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Abu Dhabi, UAESunday 7 March 2021

Film review: Kingsley and Hopkins shine in Autobahn

The real fun of Autobahn is watching Kingsley and Hopkins deliver two of the more off-kilter performances of their careers.
Anthony Hopkins, left, and Ben Kingsley in Autobahn. Photo by Tom Trambow
Anthony Hopkins, left, and Ben Kingsley in Autobahn. Photo by Tom Trambow


Director: Eran Creevy

Starring: Nicholas Hoult, ­Felicity Jones, Anthony ­Hopkins, Ben Kingsley

Three stars

A British B movie set in Germany, with protagonists from the United States, Autobahn is a curious melting pot of influences. The trick is not to take it too seriously; rather, sit back, strap in and enjoy the high-octane action and faintly silly plot.

The director is Eran Creevy, the ambitious writer-director who went from his micro-budget debut Shifty to the bigger scale cops ‘n’ crooks drama Welcome to the Punch, a film that aimed to be a London-set answer to a Michael Mann movie.

Autobahn has similar aspirations, and there’s no doubt the driving sequences match anything you’ll see in a Hollywood film. Nicholas Hoult plays Casey, an American drug dealer living in Cologne. He works for ­Geran (Ben Kingsley), an eccentric Turkish gangster who is introduced to us, extolling the virtues from the John Travolta/Jamie Lee Curtis movie Perfect. Things change when Casey falls for ­Juliette (Felicity Jones), who says she will only date him if he gives up his life of crime.

Casey duly obliges but when Juliette discovers that she’s ­desperately ill and needs $200,000 (Dh734,580) for a life-saving kidney operation, he only has one choice: go back to the life he left behind. ­Reuniting with Geran, he gets embroiled in the dangerous drug heist, which soon pits him against Hagen Kahl (Anthony Hopkins), a notorious German druglord. Cue a series of high-speed chases that truly set the pulse racing, as Casey tries to stay one step ahead.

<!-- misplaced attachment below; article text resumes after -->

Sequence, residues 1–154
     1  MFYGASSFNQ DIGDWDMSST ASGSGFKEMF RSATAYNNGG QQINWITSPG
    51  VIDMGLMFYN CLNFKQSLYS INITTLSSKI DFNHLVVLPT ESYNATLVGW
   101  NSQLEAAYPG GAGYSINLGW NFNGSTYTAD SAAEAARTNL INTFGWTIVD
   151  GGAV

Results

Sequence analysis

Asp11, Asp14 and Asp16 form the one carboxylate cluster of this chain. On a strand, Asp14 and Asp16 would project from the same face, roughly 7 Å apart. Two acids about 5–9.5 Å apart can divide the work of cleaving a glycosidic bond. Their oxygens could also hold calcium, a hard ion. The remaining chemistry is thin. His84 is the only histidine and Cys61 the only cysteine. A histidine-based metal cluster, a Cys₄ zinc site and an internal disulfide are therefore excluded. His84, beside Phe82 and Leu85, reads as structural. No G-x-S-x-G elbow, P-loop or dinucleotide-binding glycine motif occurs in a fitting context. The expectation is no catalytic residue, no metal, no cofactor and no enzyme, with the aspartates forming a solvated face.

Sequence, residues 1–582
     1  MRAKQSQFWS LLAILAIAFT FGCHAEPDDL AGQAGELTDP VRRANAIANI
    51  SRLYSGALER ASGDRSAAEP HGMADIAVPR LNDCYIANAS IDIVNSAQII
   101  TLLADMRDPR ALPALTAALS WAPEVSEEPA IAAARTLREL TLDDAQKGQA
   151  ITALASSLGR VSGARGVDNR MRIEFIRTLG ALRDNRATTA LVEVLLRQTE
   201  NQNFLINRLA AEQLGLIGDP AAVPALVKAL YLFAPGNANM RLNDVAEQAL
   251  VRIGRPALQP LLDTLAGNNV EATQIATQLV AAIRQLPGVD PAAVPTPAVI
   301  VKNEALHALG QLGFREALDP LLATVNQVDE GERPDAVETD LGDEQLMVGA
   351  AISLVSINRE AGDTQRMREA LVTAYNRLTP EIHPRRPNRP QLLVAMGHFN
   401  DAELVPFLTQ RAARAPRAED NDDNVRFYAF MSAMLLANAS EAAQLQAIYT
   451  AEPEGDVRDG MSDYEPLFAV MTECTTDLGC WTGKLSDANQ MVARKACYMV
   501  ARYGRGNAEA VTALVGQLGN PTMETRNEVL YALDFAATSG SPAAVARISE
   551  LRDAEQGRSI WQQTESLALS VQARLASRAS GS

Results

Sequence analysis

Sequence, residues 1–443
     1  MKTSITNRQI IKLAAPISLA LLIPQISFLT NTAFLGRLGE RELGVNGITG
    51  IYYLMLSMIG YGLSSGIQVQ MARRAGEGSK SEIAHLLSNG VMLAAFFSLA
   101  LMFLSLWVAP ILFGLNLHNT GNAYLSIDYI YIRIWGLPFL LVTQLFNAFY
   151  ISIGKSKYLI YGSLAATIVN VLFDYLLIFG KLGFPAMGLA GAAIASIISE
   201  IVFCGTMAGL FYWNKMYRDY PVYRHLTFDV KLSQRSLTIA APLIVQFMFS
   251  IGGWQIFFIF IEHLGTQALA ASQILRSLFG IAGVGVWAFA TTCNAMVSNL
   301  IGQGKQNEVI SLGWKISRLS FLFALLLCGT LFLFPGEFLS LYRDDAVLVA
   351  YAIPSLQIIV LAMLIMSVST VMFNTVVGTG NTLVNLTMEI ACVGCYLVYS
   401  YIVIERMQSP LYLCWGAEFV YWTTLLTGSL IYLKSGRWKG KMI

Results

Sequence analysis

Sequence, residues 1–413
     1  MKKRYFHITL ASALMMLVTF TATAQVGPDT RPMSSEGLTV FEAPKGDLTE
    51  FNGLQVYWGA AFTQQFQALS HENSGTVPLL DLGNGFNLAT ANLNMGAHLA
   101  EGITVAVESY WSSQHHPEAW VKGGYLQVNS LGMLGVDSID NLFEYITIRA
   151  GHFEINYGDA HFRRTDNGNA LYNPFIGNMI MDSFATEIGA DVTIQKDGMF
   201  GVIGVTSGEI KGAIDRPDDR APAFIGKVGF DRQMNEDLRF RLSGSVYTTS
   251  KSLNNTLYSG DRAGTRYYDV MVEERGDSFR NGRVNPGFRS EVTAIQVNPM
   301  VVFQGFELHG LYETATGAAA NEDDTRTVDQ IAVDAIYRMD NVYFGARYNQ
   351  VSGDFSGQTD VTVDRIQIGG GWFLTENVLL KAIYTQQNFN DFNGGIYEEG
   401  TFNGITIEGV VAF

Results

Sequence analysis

The vehicular stunts are ­fantastic, with Hoult tearing up the German freeway and cars flipping, skidding and rolling. But whether you’ll buy Casey’s ability to out-run his would-be captors will probably depend on whether you left your brain in neutral. Credit Hoult, who ­manages to turn his ­amoral criminal character into a ­likeable everyman (more than he managed with his vile ­record company exec in Kill Your Friends), despite having little to work with in the script by Creevy and co-writer F Scott Frazier.

While a dyed-blonde Jones does gamely with another ­thinly-sketched role, the real fun of Autobahn is watching Kingsley and Hopkins ­deliver two of the more off-kilter ­performances of their careers. It’s pure pulp, but it’s hard not to warm to these two warhorses going overboard (particularly when Hopkins breaks into a Sylvester Stallone impression). Maybe their work won’t end up on a career-best show-reel but it has cult appeal written all over it.

Published: March 22, 2017 04:00 AM


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